The modern world is a fast, technically driven and socially connected place. It is also a place where paleo diets and human re-wilding have become popular ways to reject modern living and plug into a simpler and natural way of being.
In Tasmania they have been re-wilding their artists for the last 20 years by setting them free in a wilderness environment where they can disconnect from daily life and focus completely on making art.
Thankfully they are not required to live under the stars in a wholly primal lifestyle (they get to stay in basic but cosy rangers’ huts) but the wilderness residency program has proven to have a profound impact on artistic practice and provide a renewed source of inspiration.
Sara Maher is a Tasmanian artist who completed several wilderness residencies. She says
“The major challenge and the major drive is the isolation and what that triggers… it puts me on an edge which I think is the place I need to create from, it’s not always comfortable but it’s wonderful.”
Tasmania’s national parks are celebrating their centenary in 2016 and this year also marks 20 years of the unique wilderness residency program for artists that is delivered by Arts Tasmania and the Tasmania Parks and Wildlife Service.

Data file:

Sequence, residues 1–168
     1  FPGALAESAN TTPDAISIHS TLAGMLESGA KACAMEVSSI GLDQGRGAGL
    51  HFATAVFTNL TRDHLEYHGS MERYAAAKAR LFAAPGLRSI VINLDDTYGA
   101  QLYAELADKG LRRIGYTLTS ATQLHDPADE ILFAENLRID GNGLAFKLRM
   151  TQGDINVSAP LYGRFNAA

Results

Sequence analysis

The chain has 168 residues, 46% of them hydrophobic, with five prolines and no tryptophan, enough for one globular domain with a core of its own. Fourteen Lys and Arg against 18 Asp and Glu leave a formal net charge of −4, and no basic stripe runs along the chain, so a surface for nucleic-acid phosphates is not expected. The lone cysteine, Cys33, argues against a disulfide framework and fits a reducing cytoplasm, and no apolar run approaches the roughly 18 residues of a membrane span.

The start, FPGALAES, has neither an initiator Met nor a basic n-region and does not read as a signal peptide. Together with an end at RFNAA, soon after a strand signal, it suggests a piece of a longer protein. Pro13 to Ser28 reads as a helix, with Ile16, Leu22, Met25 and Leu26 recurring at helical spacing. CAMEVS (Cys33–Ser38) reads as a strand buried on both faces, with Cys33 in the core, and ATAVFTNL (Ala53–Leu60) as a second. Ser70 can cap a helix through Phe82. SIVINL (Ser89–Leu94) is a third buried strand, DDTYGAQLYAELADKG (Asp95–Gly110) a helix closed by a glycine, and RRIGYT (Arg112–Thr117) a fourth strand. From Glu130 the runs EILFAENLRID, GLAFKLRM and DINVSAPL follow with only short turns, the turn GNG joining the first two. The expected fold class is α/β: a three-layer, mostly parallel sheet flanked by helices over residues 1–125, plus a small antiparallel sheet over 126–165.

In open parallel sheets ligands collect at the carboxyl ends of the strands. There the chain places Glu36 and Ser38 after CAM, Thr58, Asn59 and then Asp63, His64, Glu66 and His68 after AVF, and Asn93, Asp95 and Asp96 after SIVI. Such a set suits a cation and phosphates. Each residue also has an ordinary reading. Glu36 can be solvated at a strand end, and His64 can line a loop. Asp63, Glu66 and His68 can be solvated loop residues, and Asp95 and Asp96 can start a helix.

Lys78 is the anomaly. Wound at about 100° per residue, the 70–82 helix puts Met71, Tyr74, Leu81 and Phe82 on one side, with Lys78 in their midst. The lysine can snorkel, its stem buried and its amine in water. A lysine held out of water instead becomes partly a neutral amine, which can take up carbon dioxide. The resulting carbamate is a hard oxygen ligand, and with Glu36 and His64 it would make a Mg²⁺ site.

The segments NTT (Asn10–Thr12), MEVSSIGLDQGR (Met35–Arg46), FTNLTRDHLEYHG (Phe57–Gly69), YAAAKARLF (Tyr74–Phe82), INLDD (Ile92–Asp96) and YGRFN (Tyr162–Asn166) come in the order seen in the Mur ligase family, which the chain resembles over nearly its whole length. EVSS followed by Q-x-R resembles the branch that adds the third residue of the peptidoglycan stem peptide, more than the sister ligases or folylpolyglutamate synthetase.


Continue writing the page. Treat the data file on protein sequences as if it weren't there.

To celebrate the success of the program, four art exhibitions have been located in national parks around the state through the Arts in Parks project.
The Arts in Parks exhibitions will display artwork created during the wilderness residency program and provide visitors to the parks with an opportunity to view the wilderness environment through the eyes of an artist.
The exhibitions will be held at Cradle Mountain, Lake St Clair, Maria Island and Bruny Island from 23 September 2016 – 20 March 2017.
Tasmania is an island where natural beauty and creative excellence thrive and the results can be seen by visiting one of the four national parks to view the exhibitions in person or click here to see the online exhibition.